You should be well aware by now of the need for a decent edge to pop-off. If you enter with the correct body position, it will be easy enough to get onto your edge quickly. Your shoulders should be in a back position and your hips forward. Even more importantly is that you need to extend your front leg, so your hips are over your back foot and aim upwind while your hips and shoulders twist. This will allow you to drop your bum low to the water and get into a solid craving position in a quick time. Notice how the surfer has already started to drop into carving after the back hand is released. By doing this, the surfer will have a perfect phase to pop off from the edge before the kite gets too far into its downloop. The surfer will explode up off his back leg by suddenly straightening it, kicking it down onto the heel of his back foot to pop perfectly.

ENTERTAINING AIR

Once you pop up into the air your objective is to follow the pull of the kite. By doing this you will keep your balance and will give you an enough inclination for the landing. The simplest way to go with the kite’s pulling force is to watch it. You can see that the surfer is being pulled through the air by his downlooping kite. Head is in line with the bar, which is pointing at the kite. In a powered downloop, your feet might flick up slightly behind you.  As long as you look at the kite, it will not twist you. Also by looking up at the kite, the surfer’s head is lifted. This will make it easier for his feet and board to drop underneath. If you feel the need to take off a hand off for balance, then it must be your back hand.

 

TOUCH DOWN

As we mentioned keeping your head up, allow your body to fall into a normal vertical position. If you can keep your arms, or front arm bent, the pull will bring your leading hip forward and set you up for a pleasant downwind landing. The surfer is upright over his board. This gives him the option of going either way depending on where the kite is going.

When you first land a downloop, follow the kite downwind and watch it loop again. As you see it turn through the center of its rotation and is starting to come up, grab the back of the bar with the hand you swapped over. If you do not get the right timing, just grab the chicken loop and let go of the bar. At least the kite will flutter up and you can sort yourself out.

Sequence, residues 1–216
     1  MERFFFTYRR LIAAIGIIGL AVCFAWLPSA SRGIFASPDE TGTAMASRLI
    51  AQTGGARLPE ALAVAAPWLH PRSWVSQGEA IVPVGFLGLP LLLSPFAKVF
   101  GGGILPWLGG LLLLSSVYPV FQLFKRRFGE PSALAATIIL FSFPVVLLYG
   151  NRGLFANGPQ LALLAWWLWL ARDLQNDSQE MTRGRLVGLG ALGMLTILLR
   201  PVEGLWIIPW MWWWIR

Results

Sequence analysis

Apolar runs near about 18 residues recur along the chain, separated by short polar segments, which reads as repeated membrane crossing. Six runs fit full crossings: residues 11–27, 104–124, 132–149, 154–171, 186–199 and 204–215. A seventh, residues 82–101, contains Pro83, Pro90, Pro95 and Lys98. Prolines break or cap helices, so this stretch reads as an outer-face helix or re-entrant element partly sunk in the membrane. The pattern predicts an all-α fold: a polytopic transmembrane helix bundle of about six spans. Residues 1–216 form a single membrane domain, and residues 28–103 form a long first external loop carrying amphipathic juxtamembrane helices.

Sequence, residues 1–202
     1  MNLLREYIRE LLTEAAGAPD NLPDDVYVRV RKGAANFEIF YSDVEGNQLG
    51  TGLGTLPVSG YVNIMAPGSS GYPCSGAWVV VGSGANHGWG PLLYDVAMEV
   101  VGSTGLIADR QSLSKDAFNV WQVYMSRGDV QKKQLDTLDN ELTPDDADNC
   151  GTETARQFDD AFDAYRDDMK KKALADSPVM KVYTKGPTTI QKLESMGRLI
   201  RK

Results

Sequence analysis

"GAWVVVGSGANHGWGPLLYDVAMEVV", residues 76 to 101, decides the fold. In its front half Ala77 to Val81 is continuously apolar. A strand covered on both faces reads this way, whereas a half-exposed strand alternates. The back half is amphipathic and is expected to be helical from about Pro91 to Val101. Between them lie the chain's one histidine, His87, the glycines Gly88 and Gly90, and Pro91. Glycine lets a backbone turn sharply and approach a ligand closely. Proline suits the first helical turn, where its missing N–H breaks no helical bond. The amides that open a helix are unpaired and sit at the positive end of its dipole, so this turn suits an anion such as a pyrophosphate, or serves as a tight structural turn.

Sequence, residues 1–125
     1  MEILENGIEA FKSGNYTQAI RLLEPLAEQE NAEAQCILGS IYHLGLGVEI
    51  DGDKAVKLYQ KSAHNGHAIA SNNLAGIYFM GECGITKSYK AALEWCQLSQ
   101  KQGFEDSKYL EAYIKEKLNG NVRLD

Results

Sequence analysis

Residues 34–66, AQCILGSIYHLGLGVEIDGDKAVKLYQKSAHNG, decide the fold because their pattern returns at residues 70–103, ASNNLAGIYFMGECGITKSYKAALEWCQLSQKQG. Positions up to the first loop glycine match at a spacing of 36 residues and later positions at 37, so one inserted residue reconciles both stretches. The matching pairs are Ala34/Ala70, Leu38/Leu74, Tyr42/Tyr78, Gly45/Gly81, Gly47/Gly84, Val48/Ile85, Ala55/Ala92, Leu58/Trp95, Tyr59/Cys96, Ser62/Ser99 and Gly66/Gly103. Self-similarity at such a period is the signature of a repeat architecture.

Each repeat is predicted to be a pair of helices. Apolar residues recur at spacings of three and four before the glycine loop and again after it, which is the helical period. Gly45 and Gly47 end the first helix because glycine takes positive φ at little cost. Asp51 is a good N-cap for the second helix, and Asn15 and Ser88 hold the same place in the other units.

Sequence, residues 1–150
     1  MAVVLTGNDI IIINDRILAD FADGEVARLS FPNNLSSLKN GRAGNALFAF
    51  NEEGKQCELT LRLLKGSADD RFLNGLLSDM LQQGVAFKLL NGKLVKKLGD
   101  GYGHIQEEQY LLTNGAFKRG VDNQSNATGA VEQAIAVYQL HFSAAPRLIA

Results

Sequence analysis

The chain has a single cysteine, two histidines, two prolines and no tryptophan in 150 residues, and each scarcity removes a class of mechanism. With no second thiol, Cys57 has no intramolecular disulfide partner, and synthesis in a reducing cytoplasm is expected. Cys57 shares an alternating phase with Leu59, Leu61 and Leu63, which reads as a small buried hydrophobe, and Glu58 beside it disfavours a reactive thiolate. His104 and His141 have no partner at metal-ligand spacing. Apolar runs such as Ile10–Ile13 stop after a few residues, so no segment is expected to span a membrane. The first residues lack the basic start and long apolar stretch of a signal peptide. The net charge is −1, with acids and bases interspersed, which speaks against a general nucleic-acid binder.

SEQUENCE FOR THE POP PREPARATION

Pic 1 – The surfer approaches with the kite around 11 o’clock and starts to drift the kite up with a sudden pull-away to allow the body to be pulled up over the board, flattening it and pushing the front foot towards the kite and leaning with the back foot with weight over.

Pic 2 – The surfer forces his hips forward and up at the same time pulling down with both hands.

Pic 3 – As the surfer pushes the bar away and the chicken loop out, the surfer starts to drop his bum and shoulders away from the kite and looks where to go and not at the kite.

Pic 4 – The surfer swaps hands and starts to get back on the edge by driving his feet away.

Pic 5 & 6 – The surfer twists his hips and shoulders to face more upwind, forcing the board to carve hard onto its edge. The kite is starting to steer down and will pull soon

Pic 7 – The surfer pops up hard off his edge extending his back leg.

SEQUENCE AFTER THE POP

Pic 1 – As the surfer pops up the kite, pulling forward is the main goal with offering no resistance at all.

Pic 2 & 3 – The surfer looks towards the kite to keep the balance all the way.

Pic 4 – As the kite starts to rise again, it stops pulling and the surfer starts to drop down. Keeping the bar pulled in with bent elbows, this turns the surfer naturally to follow the kite.

Pic 5 – With the head of the surfer up, the feet and the board drops under and releases the back hand for some added balance.

Pic 6 – The surfer lands over the board, waits for the kite to rise, and then gets the other hand back on the bar.

KEY MARKS

  1. Kite at 12 o’clock
  2. Unhook with shoulders back and hips forward
  3. Change hands
  4. Carve and pop early
  5. Follow kite once in air

The video of this trick:


Unhooked, Front Roll To Blind

Front roll to blind unhooked

Unhooking and adding a revert to blind can spice up any trick and make you look like you have more game, even a simple front roll becomes something special once you spice it up.

Riding left to right, front foot forward with the kite above 45 degrees, trim the strap to unhook the bar, unhook and ride a short distance to check you have trim spot on.

To make lide easier and to gain an extra rotation time for the landing to blind, send the kite up a little as you pop from the water. Tuck your chin to your right shoulder and look behind you over your right shoulder as you pop to start the rotation.

Half way through the rotation, you should start to spot the landing by looking over your left shoulder. As you come in to land instead of letting the board follow your body round, take your right hand off the bar and swing your arm down towards the water, this will give you enough counter swing to stop your body rotation and land blind.

As you land, bend your knees to take the landing, keep your weight firmly centered over your feet. If you feeling up tp it you can ride out the trick with surfaced handlepass.

Good luck with this cool trick!

Front roll to blind unhooked

Tips! Make sure that you trim correctly to unhook before trying the trick. when landing blind lean forwards and towards your back foot, to help keep the edge.